Rolls-Royce 'regrets' Qantas A380 engine explosion
Rolls-Royce has said that it "regrets" the mid-air failure of one of its Trent 900 engines which happened on a Qantas A380 plane in November 2010.
The explosion in the engine had forced an emergency landing of the plane.
Rolls-Royce issued the statement after Australia's transport safety regulator blamed the failure on a fatigue crack in an oil feed pipe in the engine.
The regulator said the pipe was made with a thin wall section and "did not comply" with the design specifications.
"The thin wall substantially increased the likelihood of fatigue cracking," the Australian Transport Safety Bureau (ATSB) said in its final report on the incident.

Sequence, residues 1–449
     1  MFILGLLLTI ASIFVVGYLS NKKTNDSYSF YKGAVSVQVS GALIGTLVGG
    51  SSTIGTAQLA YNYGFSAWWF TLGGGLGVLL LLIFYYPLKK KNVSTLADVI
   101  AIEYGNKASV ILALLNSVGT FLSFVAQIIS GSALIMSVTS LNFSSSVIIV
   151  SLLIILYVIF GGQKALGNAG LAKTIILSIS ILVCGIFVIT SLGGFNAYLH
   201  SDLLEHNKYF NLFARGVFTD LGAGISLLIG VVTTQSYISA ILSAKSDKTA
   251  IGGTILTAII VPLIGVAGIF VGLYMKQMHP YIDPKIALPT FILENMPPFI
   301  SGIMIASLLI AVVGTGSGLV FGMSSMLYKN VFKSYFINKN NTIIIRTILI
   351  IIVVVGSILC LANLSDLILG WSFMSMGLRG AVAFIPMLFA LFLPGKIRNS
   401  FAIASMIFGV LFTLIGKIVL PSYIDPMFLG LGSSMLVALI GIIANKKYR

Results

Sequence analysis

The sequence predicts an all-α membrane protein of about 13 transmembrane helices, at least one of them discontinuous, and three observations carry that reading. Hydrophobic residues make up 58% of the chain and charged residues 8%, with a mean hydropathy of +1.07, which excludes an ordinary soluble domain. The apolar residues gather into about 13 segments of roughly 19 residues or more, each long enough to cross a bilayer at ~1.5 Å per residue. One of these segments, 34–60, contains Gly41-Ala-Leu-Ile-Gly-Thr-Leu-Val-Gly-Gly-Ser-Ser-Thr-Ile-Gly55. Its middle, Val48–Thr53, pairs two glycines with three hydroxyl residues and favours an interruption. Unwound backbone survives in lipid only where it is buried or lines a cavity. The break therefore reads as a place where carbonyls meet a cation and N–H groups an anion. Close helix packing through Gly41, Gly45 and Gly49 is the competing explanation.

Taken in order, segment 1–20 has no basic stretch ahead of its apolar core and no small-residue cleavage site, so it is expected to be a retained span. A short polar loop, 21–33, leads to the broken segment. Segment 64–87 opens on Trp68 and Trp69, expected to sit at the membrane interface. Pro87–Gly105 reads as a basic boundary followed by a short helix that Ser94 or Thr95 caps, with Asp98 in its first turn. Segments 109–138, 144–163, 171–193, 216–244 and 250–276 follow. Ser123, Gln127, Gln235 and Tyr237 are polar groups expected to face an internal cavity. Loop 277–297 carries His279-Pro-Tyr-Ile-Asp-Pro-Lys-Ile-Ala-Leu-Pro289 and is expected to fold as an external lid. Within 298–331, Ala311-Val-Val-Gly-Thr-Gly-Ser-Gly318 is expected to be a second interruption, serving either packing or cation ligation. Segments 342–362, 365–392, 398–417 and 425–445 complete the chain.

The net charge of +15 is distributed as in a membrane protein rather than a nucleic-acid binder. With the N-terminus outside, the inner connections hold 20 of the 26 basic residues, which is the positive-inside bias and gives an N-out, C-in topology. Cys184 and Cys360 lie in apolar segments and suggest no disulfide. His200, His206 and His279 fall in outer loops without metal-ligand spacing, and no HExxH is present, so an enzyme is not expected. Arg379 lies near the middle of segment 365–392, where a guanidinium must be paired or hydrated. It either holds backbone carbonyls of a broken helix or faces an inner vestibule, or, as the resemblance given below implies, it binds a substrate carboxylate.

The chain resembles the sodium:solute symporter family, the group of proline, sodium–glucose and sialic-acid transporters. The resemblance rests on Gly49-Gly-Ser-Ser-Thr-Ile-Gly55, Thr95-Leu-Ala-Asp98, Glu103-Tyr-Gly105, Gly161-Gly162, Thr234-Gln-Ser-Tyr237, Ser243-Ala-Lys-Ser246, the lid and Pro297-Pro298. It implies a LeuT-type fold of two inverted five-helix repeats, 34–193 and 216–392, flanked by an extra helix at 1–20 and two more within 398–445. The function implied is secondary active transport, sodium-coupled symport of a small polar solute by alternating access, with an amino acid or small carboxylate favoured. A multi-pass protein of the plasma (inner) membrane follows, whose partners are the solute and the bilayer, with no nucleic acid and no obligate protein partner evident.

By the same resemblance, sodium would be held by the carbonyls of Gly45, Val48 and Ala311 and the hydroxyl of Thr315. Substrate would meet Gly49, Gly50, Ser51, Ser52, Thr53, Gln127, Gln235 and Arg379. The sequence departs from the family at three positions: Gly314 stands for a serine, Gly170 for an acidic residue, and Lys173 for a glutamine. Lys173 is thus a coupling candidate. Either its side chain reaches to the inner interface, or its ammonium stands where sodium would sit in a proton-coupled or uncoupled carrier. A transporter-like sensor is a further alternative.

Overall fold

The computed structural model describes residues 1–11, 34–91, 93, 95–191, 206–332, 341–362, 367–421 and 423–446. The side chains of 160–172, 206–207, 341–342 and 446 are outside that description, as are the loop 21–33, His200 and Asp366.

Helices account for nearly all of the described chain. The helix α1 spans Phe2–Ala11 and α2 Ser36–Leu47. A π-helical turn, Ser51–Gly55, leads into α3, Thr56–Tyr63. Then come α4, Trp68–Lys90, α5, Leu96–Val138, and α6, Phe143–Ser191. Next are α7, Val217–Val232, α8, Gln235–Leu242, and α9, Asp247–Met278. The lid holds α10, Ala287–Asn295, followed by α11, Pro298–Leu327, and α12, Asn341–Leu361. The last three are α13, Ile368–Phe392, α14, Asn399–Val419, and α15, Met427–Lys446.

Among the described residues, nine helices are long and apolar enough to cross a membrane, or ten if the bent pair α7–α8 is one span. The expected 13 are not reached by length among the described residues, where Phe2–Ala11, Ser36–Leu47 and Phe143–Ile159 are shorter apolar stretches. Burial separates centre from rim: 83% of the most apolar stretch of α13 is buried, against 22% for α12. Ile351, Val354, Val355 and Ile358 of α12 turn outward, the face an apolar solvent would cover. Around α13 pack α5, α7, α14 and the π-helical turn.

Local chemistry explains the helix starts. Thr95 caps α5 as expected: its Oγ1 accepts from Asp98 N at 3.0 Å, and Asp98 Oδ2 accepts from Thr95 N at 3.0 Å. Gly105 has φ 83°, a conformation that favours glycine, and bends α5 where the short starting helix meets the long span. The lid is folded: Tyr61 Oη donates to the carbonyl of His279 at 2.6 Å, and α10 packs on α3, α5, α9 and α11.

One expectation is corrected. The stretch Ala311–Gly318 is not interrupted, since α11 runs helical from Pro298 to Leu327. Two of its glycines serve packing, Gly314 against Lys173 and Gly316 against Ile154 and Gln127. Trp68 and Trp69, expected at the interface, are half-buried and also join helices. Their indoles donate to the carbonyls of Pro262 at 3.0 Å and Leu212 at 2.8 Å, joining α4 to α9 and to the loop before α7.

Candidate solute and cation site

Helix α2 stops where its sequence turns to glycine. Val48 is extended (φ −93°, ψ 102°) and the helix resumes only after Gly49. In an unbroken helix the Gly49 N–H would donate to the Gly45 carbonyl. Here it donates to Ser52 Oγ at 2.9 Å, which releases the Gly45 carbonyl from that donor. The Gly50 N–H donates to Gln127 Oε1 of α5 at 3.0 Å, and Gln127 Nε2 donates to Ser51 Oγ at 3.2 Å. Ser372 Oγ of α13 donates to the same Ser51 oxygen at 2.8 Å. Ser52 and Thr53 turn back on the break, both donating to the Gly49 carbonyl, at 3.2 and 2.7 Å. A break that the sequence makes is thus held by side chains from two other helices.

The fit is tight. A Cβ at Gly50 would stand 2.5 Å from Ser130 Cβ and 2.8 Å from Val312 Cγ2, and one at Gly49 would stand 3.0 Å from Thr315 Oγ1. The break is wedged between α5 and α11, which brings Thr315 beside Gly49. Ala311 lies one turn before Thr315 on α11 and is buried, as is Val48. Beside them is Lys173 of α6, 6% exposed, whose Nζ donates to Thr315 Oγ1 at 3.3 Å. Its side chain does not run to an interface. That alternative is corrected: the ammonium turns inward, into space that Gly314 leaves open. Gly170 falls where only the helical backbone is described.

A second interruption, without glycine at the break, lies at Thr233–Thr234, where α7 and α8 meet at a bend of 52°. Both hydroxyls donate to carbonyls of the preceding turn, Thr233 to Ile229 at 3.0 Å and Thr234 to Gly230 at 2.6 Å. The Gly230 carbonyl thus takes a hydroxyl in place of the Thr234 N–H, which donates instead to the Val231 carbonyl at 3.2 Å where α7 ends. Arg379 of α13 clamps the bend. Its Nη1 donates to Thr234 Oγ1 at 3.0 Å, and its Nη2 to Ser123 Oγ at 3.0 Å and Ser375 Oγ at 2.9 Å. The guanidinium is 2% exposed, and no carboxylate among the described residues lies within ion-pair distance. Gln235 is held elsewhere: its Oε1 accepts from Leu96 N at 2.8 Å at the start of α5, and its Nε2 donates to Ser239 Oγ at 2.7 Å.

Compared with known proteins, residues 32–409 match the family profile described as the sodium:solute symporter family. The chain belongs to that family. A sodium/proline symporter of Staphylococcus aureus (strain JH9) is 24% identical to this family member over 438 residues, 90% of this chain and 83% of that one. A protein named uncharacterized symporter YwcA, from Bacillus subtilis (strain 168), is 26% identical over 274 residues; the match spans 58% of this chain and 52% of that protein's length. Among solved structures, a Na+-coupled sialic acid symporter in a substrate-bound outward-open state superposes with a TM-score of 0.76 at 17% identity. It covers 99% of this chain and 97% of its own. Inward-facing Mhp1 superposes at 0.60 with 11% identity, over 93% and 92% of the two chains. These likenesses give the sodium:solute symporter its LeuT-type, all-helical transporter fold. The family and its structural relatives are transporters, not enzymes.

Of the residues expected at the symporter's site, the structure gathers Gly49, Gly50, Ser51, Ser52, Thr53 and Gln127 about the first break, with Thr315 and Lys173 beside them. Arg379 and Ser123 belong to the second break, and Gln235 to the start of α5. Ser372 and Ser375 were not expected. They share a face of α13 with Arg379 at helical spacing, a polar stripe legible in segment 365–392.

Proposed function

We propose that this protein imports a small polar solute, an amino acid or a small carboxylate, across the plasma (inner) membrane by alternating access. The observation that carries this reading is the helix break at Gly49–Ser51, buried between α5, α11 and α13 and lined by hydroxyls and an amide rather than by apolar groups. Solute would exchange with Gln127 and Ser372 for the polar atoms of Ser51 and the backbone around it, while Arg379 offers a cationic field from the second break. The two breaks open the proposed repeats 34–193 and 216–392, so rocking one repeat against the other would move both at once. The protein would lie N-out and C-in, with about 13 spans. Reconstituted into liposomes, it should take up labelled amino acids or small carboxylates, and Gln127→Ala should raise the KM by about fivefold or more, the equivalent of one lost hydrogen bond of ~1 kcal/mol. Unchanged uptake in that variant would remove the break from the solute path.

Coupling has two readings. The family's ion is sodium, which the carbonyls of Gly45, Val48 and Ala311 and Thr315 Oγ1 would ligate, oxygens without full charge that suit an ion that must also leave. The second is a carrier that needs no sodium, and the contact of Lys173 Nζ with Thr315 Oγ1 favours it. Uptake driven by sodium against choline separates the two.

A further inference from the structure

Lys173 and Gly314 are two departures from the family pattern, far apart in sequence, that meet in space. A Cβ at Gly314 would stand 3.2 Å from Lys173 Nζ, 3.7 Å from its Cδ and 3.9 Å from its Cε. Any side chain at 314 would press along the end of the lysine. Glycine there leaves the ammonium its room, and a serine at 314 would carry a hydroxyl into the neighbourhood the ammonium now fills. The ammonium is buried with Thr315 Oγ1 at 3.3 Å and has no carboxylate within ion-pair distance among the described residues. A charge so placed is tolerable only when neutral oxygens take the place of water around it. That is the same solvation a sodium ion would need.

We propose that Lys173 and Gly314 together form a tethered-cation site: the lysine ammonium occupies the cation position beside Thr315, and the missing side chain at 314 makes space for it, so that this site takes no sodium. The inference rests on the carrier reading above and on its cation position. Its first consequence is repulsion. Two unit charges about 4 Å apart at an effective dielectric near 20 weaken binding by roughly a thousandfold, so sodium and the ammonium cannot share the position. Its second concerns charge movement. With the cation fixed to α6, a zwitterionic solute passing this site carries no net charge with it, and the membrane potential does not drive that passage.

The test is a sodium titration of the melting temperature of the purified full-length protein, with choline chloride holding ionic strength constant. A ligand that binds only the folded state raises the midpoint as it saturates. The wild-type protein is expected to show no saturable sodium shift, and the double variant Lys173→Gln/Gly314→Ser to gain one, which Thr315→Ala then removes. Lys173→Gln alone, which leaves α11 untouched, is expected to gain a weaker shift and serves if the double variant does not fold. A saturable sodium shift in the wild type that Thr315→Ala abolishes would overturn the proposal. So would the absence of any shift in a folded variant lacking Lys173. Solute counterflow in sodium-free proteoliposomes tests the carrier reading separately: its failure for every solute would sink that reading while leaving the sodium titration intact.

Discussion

Rolls-Royce said that it supported the findings of the ATSB.
It said the pipe was "one of a small number which had been incorrectly manufactured as a result of a measurement error during a precision drilling procedure", but added that it had since taken measures to prevent such incidents from happening.
"This was a serious and rare event which we very much regret," said Colin Smith, director of engineering and technology at Rolls-Royce.
"At Rolls-Royce we continually strive to meet the high standards of safety, quality and reliability that our customers and their passengers are entitled to expect. On this occasion we clearly fell short.
"We support the ATSB's conclusions and, as the report notes, have already applied the lessons learned throughout our engineering, manufacturing and quality assurance procedures to prevent this type of event from happening again," he added.
The incident resulted in Qantas grounding its entire fleet of A380 planes temporarily.
Rolls-Royce later agreed to pay 95m Australian dollars ($88m; £58m) as compensation to the Australian carrier.